Hello Linux Geeksters. Canonical has released yet another three Ubuntu Touch images over the weekend, coming with important fixes for Unity 8, the time zone support has been added to the organizer library, a bunch of boot improvements have been added, an enhanced version of calendar has been implemented, and the latest scopes API changes have been added.
Unfortunately, the new updates were not added yet to the latest images due to the fact that they have failed the automated tests, but most likely, they will be ready until the 17th of April, when the stable version of Ubuntu Touch is scheduled for release.
Canonical has made good progress with it’s Ubuntu Touch and their work is quite visible. New scopes for Unity 8 have been recently created (including a 500 px scope for photography enthusiasts), a new bootsplash running over Mir has been implemented, a new app switcher has been developed, while the support for conference call and dual SIM is already under work.
Also, Canonical has recently announced that they have started the work for their own email client (based on the good old Trojita), while an Ubuntu instant messaging client called “Ubuntu IM” will become available in May, 2014.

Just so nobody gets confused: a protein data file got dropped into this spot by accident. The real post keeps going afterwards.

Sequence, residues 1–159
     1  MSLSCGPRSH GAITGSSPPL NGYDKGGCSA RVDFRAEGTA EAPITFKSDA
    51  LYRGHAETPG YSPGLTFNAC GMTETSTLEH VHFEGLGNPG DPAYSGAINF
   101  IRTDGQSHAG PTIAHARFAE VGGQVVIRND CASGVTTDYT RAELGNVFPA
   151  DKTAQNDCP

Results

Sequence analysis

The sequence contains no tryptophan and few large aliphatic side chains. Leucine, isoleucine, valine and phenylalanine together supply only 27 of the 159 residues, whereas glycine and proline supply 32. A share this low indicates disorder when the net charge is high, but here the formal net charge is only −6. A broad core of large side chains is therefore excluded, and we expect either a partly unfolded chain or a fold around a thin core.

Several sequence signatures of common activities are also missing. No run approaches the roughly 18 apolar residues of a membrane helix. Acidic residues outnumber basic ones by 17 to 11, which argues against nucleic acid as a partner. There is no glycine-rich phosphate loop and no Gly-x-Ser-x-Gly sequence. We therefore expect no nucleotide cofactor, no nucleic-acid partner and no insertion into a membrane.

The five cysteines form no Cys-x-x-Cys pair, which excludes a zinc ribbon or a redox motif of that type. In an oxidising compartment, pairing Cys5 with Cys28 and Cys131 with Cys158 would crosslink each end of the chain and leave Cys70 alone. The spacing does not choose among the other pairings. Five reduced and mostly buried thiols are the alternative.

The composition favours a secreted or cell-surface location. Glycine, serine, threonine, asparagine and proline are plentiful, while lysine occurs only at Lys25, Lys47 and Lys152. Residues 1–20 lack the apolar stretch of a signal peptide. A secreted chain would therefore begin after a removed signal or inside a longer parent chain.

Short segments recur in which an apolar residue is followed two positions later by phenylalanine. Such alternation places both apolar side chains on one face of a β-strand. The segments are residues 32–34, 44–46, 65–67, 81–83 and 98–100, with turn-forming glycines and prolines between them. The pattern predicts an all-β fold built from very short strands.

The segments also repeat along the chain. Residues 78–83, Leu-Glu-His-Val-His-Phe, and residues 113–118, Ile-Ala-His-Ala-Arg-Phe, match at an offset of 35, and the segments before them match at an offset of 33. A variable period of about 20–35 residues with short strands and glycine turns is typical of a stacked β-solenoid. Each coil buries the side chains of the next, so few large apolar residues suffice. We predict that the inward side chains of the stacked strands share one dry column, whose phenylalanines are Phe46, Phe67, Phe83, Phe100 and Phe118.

The story so far:
Canonical has been working a lot at Ubuntu Touch, the mobile version of Ubuntu. While the initial plan was to make it available for all the Google Nexus smartphones and tablets, the developers have dropped the support for Galaxy Nexus, Google Nexus 7 2012 and Google Nexus 10, Ubuntu Touch being officially available only for the Google Nexus 4 smartphone and the Google Nexus 7 2013 tablet.
Until now, there aren’t a lot of applications for Ubuntu Touch available, Canonical’s Mark Shuttleworth hopes that by the time the first Ubuntu Touch powered phones hit the market, the top 50 Android/iOS apps will be available for Ubuntu Touch.
Also worth mentioning, Mark’s Shuttleworth big dream is to reach full desktop-mobile convergence somewhere between the releases of Ubuntu 14.10 and Ubuntu 15.04 (between October 2014 and April 2015).